Saturday, April 28, 2007

I know I haven't written anything about this one. At first I thought that I was not inspired to write anything because I am painting this piece in a non-verbal mode: I keep telling myself 'don't think, paint' I don't want to get caught in a maze of thought, I just want to move through this piece: feel it, paint it, don't slow down. For the most part I've been successful with this strategy: the piece is moving along nicely and is pretty close to being finished. But thought will enter in. No matter how firmly I try to close the door on thinking, imagining, trying to push to a new piece of artistic territory, those seductive thoughts find a way to reach me; barring the door only forces them in the windows and up through the floor boards. And those thoughts (in revenge?) are more powerful and insidious than ever. "Why are you content to paint what is front of you ?" they ask. "Fine so you can do a beautiful still life - but what about painting what is unseen? You know there are other dimensions, you know you see more than this, that the poetry isn't fully realized - can't you get all this in? Can't you find a better language - while retaining this one of course - why don't you reach further?

Tuesday, April 10, 2007

Still Life Day 1. Painted for six hours yesterday and then collapsed. I probably pushed myself too hard but when you are painting flowers you have to move quickly. I'm keeping the studio cool so that they last as long as possible. This is a shame as I prefer to be toasty when I'm working; and also the paint moves better when the studio is hot - too bad, the longevity of the flowers has top priority!

Sunday, April 08, 2007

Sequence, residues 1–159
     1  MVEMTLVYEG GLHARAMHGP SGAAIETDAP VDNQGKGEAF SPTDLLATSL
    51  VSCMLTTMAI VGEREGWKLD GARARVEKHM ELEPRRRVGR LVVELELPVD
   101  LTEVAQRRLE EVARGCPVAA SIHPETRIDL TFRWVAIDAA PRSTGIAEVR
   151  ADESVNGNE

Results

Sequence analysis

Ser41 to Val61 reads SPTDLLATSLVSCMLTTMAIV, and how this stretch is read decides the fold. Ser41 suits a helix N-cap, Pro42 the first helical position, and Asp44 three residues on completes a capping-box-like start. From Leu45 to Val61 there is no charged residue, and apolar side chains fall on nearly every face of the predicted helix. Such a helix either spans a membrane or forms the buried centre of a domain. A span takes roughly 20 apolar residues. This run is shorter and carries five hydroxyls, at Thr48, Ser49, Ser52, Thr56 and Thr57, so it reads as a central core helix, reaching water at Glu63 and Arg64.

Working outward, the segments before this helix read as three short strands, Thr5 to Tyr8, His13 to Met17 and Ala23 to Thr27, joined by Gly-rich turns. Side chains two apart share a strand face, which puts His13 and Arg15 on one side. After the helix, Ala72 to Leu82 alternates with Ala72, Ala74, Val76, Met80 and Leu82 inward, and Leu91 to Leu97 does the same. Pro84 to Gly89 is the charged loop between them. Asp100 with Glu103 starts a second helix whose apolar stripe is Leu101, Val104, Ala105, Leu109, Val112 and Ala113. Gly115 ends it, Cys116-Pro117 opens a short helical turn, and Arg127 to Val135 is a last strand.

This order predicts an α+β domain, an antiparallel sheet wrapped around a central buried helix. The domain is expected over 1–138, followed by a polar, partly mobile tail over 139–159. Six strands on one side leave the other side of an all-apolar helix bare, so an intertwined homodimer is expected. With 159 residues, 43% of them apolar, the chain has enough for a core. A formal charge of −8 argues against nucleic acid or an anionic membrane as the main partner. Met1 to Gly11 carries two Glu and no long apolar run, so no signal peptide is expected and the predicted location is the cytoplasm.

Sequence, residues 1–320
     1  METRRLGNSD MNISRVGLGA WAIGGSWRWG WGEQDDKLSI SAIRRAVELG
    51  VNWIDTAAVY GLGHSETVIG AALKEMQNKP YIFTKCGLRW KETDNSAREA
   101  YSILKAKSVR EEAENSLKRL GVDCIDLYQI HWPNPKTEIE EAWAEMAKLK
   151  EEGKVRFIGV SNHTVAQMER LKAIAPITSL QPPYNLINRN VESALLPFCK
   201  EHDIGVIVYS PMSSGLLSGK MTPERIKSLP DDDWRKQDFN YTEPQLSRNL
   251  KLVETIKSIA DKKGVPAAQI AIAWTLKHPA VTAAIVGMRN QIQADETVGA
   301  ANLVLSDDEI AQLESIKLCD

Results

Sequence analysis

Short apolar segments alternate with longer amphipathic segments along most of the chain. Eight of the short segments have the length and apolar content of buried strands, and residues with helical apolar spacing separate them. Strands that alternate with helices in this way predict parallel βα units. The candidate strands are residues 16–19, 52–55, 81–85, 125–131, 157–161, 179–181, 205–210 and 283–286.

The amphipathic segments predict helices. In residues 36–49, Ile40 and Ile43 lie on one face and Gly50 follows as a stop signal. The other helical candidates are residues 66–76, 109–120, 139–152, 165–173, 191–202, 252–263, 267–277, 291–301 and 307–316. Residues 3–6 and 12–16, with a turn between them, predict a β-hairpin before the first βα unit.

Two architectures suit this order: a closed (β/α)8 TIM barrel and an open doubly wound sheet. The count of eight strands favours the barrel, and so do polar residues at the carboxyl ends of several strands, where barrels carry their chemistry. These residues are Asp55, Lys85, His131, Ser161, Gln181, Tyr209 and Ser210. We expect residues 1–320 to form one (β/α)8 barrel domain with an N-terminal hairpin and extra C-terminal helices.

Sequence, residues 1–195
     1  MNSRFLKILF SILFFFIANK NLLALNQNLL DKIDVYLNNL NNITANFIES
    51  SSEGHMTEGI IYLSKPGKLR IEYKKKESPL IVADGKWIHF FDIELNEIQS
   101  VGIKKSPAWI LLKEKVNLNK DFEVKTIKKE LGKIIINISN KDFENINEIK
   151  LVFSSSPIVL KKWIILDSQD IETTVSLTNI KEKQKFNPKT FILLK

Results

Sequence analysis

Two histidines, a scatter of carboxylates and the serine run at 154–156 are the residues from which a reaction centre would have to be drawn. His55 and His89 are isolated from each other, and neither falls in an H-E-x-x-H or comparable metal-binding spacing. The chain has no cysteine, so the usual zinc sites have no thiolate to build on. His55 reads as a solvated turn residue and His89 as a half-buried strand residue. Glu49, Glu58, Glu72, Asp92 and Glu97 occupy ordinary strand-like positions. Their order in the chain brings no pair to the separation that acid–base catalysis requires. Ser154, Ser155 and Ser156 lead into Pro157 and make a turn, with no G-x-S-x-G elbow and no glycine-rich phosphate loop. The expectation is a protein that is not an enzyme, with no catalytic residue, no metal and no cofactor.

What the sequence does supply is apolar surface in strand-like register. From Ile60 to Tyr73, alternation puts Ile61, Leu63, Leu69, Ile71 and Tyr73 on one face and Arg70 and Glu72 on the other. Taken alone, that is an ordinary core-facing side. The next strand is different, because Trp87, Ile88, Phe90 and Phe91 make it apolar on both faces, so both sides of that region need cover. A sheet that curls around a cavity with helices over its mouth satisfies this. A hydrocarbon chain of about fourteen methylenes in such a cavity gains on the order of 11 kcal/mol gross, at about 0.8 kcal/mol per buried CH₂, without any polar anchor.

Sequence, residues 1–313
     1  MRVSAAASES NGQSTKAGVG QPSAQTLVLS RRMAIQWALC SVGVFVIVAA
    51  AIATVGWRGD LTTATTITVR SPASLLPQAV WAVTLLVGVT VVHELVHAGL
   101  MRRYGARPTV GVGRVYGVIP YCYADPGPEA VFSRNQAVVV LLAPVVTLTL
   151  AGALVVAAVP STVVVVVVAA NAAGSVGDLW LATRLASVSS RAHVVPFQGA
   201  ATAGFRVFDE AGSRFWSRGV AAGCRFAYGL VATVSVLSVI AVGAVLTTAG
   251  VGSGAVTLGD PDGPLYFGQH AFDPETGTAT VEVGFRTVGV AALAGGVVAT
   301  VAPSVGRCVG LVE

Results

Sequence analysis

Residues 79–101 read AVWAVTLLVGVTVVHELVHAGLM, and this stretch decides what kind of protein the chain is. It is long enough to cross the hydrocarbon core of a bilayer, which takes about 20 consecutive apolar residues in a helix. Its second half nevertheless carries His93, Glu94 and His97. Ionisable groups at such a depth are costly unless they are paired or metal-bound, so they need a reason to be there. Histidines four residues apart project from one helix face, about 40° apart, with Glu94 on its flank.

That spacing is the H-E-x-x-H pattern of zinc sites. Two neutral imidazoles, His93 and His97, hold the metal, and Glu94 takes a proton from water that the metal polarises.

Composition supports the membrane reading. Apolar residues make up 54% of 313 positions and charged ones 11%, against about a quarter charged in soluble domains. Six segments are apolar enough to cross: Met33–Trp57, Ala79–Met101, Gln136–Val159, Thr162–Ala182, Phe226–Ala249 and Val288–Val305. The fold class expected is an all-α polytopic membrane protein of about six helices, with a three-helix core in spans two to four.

This is a figure drawing from a few weeks ago. It isn't the subject of this post, which is the big still life I spent Friday and Saturday setting up and plan to start working on tomorrow, but I couldn't imagine a post without an image so I dug this one up and I think it looks pretty good for a 20 minute pose.

About the still life. You would think that an artist with four paintings already in the works would finish at least one of those pieces before starting a new one and indeed I wish I had done so, but the still life impulse came and I knew I had to go with it. The figure ideas will still be fresh when I get back to them in a few weeks: figure ideas keep forever. The seascape needs to marinate anyway. I'm not sure how to continue with it and just have to wait until I know what to do. Still life inspiration, on the other hand, doesn't last: it perishes just like fruit or flowers - though not as quickly, thank God!

I notice that I get the urge to do a still life when the seasons change. The last time I did a big still life was last fall; now it is spring. The change in the season must cause a shift in some internal tectonic plate - Aristotle would probably call this a Movement of the Soul - and the result is an eruption of artistic energy for still life: the desire to paint something immediate and physical and part of the changing natural world.